Here Are Few Things You May Not Know About Botswana

Botswana, one of Africa’s most stable countries, is the continent’s longest continuous multi-party democracy. It is relatively free of corruption and has a good human rights record.

Sparsely populated, Botswana protects some of Africa’s largest areas of wilderness. Safari-based tourism – tightly-controlled and often upmarket – is an important source of income.

Botswana is the world’s largest producer of diamonds and the trade has transformed it into a middle-income nation.

The country has had its share of problems: It once had the world’s highest rate of HIV-Aids infection. UN figures for 2014 suggest that for adults aged 15 to 49 the prevalence rate is 25%.

The country has one of Africa’s most-advanced treatment programmes, however, and medicine for the virus is readily available.


President: Seretse Khama Ian Khama

Botswana's president Seretse Khama Ian Khama

Seretse Khama Ian Khama – the son of Sir Seretse Khama, Botswana’s first post-independence leader – took over as president in April 2008.

He was the chosen successor of Festus Mogae, who stepped down at the end of his second term, after a decade at the helm.

Mr Ian Khama secured a five-year term in October 2009 after his governing Botswana Democratic Party (BDP) party swept to victory in a parliamentary election, and in August 2014 polls he gained a second term when his party gained the most seats.

Critics describe him as authoritarian while supporters say he is decisive and efficient. His no-nonsense approach has made him popular abroad as he has broken ranks with regional leaders’ timid approach to join international criticism of democratic abuses by Zimbabwe’s President Robert Mugabe.

Born in the UK while his father was in exile, Mr Ian Khama is a graduate of Sandhurst officer training college in Britain and was the commander of the Botswana Defence Force (BDF) before becoming vice president in 1998.

His ruling Botswana Democratic Party has governed since independence in 1966.



San Bushmen in Southern Africa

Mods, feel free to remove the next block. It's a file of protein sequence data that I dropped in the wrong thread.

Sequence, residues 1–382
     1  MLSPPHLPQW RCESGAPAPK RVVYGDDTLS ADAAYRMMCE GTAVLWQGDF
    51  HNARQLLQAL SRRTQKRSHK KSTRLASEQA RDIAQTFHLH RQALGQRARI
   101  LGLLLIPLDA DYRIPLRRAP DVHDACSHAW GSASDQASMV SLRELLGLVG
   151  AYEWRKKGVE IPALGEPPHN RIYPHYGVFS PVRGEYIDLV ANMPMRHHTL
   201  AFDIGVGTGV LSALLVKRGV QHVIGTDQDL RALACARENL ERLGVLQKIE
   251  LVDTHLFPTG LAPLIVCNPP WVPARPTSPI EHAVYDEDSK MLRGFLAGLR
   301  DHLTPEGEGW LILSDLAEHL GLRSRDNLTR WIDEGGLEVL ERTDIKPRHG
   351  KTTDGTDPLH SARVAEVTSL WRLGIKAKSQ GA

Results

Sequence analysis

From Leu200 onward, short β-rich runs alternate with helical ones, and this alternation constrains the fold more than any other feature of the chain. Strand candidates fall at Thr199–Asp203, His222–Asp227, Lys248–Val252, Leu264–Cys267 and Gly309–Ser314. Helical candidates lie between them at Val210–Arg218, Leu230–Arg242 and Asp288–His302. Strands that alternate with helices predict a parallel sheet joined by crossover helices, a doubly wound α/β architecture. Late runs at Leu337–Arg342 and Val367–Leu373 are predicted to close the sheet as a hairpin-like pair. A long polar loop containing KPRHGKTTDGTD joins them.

Image captionCampaign groups say the authorities are forcing the Bushmen off their ancestral lands. A dwindling band of Bushmen hunter-gatherers make the Kalahari Desert their home

Botswana has a long tradition of lively and unimpeded public debate, although opposition leaders have claimed that the government limits their ability to broadcast freely on the radio.

There is a “free and vigorous” press in cities and towns, says US-based NGO Freedom House.

State-run TV arrived with the launch of Botswana Television (BTV) in 2000. Satellite pay TV is available.

Some key dates in Botswana’s history:

Botswana's leader Seretse Khama
Image captionSeretse Khama, pictured with his wife Ruth, served as his country’s first president until 1980

1867 – European gold prospectors arrive, mining begins. In 1885, British proclaim a protectorate called Bechuanaland.

1950 – Chief of the Ngwato, Seretse Khama, is deposed and exiled by the British.

1960 – Britain approves new constitution for Bechuanaland. Executive Council, Legislative Council and African Council are established. The following year, Seretse Khama is appointed to Executive Council and later founds the Bechuanaland Democratic Party (BDP), which is eventually renamed the Botswana Democratic Party. He becomes prime minister in 1965.

1966 – Bechuanaland is granted independence and becomes Republic of Botswana with Seretse Khama as president.

1967– Diamonds discovered at Orapa.

1999-2008 – Presidency of Festus Mogae – praised for diversifying Botswana’s economy to reduce its dependence on diamonds.

2004 – HIV infection rate falls to 37.5%; Botswana no longer has the world’s highest rate of infection.

2008 – Seretse Khama Ian Khama takes over as president.

2010 – Human rights group Survival International calls for a boycott of Botswanan diamonds, accusing the government of trying to force Basarwa bushmen away from their ancestral lands.

2014 – Gay rights group wins legal recognition.

source: BBC News



Written by PH

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